The explanation I to the section defines physical abuse, sexual abuse, verbal and emotional abuse, and economic abuse in very wide terms that anything can be treated as domestic violence if the woman claims so. The definition of domestic violence is very vast under the act, even a small verbal argument can be brought to the court as domestic violence. If that is the criteria they are talking about it is unknown as to how many men are being abused regularly. If a woman is a so-called victim in a said case, her words are always assumed to be true. The case of the accused is always treated as an unbelievable defence no matter how weak or cooked up her story is. The trend of victimizing women has intensified after the introduction of the act. It is now regarded as a hard and fast rule that women is always the victim and men is always the culprit.
Nowadays, filing cases under the Domestic Violence Act by female members has become a common one and a neutral and unprejudiced law is needed to protect the genuine victims of domestic violence, irrespective of gender. The notable flaw in this law is that it lends itself to such easy misuse that women will find it hard to resist the temptation to teach a lesson to their male relatives and will file frivolous and false cases.  A similar trend is already being observed in the case of anti-dowry law (498-A), which is being misused to such an extent that the Supreme Court has termed it Legal Terrorism. 
According to the former President of India, Pratibha Patil, instances exist whereby protective legal provisions for the benefit of women have been subjected to distortion and misuse to wreak petty vengeance and to settle scores. Some surveys have concluded that 6 to 10 percent of dowry complaints are false and were registered primarily to settle scores. It is unfortunate if laws meant to protect women get abused as instruments of oppression. The bottom-line, therefore, is the fair invocation of legal provisions and their objective and honest implementation.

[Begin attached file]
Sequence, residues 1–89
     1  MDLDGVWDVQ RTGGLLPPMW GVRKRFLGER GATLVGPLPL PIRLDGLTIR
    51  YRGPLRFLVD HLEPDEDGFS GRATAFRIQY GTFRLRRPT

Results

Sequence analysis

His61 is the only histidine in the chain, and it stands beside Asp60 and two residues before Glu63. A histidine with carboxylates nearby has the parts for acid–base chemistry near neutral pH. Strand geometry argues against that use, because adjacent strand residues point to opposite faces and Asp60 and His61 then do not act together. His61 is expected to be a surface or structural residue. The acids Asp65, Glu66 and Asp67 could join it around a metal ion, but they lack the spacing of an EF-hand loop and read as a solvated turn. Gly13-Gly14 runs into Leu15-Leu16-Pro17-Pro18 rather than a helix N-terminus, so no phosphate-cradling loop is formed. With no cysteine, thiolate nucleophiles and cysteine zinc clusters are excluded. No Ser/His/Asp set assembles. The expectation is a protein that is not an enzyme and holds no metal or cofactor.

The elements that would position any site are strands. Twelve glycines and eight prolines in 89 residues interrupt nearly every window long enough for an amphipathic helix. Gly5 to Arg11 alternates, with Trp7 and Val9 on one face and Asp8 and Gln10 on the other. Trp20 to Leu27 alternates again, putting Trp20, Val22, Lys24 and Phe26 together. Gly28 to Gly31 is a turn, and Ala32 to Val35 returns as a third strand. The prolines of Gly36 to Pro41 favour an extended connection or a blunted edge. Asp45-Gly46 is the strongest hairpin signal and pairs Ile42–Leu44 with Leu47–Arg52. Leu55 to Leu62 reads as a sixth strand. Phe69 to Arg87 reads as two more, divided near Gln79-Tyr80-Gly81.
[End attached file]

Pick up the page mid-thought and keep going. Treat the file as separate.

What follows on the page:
The practice of making the definitions very broad in such a manner that anything can be brought under the purview of the act should be avoided as far as it is possible. Anyhow, it is not practically possible for the legislature to cover all probable situations under an act that might arise in the future due to the changing circumstances. So the custom of making the definitions very wide to satisfy the future situations or for giving bulletproof protection to the victims should be carried out cautiously, as it can cause serious prejudice to the innocent.
 Domestic Violence Act of India is Against Men !!, available here
 Riya Mishra, The gender advantage: Women who misuse it & men who bear it, Times Of India, available here
 The Protection of Women from Domestic Violence Act, Act No.43 of 2005.
 Loha v. The District Educational Officer, W.P (MD).No.8646 of 2015.
 Sushil Kumar Sharma v. Union of India & Others., A.I.R. 2005. S.C. 3100.
 Speech of the Hon’ble President of India, at the National Conference of Lady Lawyers and Lady Teachers, at Yavatmal, available here